Just as Gibbon's classic history of the Roman Empire tells us that Armenia has been a center of conflict since time immemorial, so also does Kerr's classic work remind us of the centuries of conflict Okinawa has witnessed. Just like Armenia, so also does Okinawa deserves something better.
Okinawa's early history was pockmarked by a series of kings struggling to maintain control over fighting warlords. Although Shunten established his kingdom in the 13th Century by defeating his rivals, the entire island was not totally unified until a century later when Sho Hashi conquered the three kingdoms, which made up the island. Peace, of a sort, reigned until 1609, when the Shimazu clan from Satsuma, in southern Japan, invaded Okinawa.
For the next 270 years, Okinawa was, in effect, a Satsuma colony. Satsuma demanded taxes from the Okinawans and controlled trade in exchange for island protection. Commodore Perry's black ships, as chapter seven explains, also paid an unwelcome visit during 1853 and 1854. Perry, who established a small military base there, clearly had plans to bring the entire Ryukuyu Islands into the American ambit.
Napoleon Bonaparte had similar plans. He regarded Okinawa as being central to France's vital interests. Anglo-Chinese tensions brought Okinawa further unwanted attention from both Britain and China. Because Britain, France and the United States were all making efforts to colonize the island chain, an increasingly apprehensive Japan tightened its grip on the island by sending a military detachment there in 1868. Later in 1879, Japan abolished the royal government and annexed Okinawa as a prefecture.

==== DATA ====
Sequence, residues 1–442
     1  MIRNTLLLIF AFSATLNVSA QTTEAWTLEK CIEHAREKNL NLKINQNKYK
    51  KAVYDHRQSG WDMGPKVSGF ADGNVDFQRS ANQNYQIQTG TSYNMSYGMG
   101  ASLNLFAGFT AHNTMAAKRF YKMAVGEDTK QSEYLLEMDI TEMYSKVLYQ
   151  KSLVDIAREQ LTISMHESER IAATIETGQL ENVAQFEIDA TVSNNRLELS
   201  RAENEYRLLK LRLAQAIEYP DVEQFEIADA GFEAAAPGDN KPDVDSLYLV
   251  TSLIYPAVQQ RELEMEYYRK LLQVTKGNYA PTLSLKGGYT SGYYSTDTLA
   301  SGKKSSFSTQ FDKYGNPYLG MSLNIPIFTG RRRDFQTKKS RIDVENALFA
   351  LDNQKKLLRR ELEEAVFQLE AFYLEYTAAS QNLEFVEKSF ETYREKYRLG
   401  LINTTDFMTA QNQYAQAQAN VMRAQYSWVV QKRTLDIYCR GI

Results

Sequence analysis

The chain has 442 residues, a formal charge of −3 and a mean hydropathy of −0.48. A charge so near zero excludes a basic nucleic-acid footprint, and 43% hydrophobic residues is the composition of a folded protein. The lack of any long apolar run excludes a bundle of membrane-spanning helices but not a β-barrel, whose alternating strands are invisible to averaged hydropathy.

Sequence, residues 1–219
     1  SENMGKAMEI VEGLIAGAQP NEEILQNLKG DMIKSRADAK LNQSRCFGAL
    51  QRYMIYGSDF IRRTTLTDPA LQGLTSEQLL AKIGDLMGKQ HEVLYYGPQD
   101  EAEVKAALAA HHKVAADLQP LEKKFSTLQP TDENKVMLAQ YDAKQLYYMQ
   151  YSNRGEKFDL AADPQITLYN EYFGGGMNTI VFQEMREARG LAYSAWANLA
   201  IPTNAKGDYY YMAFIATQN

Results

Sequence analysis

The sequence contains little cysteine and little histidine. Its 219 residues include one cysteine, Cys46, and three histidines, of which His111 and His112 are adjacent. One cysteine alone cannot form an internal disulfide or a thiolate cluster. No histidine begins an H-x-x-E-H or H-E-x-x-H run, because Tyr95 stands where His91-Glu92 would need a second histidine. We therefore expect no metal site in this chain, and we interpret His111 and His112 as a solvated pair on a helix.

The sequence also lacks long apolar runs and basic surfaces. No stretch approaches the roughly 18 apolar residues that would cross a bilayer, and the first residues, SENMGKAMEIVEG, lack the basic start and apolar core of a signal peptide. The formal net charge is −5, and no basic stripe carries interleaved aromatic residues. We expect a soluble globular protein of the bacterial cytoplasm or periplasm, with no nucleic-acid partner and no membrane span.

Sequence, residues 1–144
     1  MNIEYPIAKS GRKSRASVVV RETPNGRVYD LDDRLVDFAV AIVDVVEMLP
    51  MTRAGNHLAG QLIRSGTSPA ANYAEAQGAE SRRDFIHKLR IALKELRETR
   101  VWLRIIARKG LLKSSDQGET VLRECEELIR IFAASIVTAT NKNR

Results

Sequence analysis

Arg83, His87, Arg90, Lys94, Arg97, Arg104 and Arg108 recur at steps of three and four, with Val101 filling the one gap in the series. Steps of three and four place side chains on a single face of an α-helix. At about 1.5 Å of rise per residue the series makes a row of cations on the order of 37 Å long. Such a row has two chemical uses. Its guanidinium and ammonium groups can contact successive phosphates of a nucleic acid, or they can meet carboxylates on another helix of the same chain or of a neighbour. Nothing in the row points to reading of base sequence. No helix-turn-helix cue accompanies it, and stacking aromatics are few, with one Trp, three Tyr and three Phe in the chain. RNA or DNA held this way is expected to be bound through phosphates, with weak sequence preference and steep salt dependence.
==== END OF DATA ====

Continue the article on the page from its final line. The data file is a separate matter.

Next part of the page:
Okinawa was then left in relative peace until 1944, when the Japanese Army arrived in force to counter the impending American attack. The Battle of Okinawa was one of World War II's longest, bloodiest and hardest fought campaigns. Total American casualties were 49,151, including 12,500 killed or missing in action. Japanese Imperial Army losses totaled over 75,000. Nearly one-third of Okinawa's civilian population-100,000 people-also perished during those nightmare months. The battle ended on June 22, 1945, when Old Glory fluttered unchallenged from Okinawa's mountains and towns.
The Stars and Stripes have been flying there ever since. The area stayed under American military control until May 15, 1972, when Richard Nixon transferred administrative authority of the Ryukyu Islands back to Japan. The islands resumed the status they held prior to 1945 - the 47th prefecture of Japan.
Ryukyu means Beautiful Country of the Southern Ocean. Like Armenia, it is indeed a beautiful and haunted land. However, just like Armenia, it is in an unfortunate position. Because it straddles the seaways between China and Japan and because it is near to Korea, the Spratly Islands and a host of other strategically important sites, it remains one of the most militarized places on earth. As the author makes plain, China and the Philippines periodically claim the island chain as their own. When we read the book, we see how truly unfortunate this is.
Kerr paints the golden days of Okinawa before these outside pressures came to dominate the island. He describes how an impoverished people living on barren islands with no metals and little forest wealth were able to construct and preserve for many centuries a complex, progressive and stable government and society. Unlike some of the world's more endowed areas, the Okinawans, like the Armenians, had a toy state, with dignified kings, sententious and learned prime ministers, as well as an abundance of temples and shrines. Okinawa's whole fragile, minuscule structure was developed in a faithful effort to emulate great China, Asia's fabled Middle Kingdom.
Although Kerr paints this beautiful experiment with enchantingly melancholic hues, he makes it plain that there can be no return to those golden days. Maybe with peace pending on the Korean peninsula, a new and equally beautiful experiment in social engineering can begin. The people of Okinawa richly deserve it.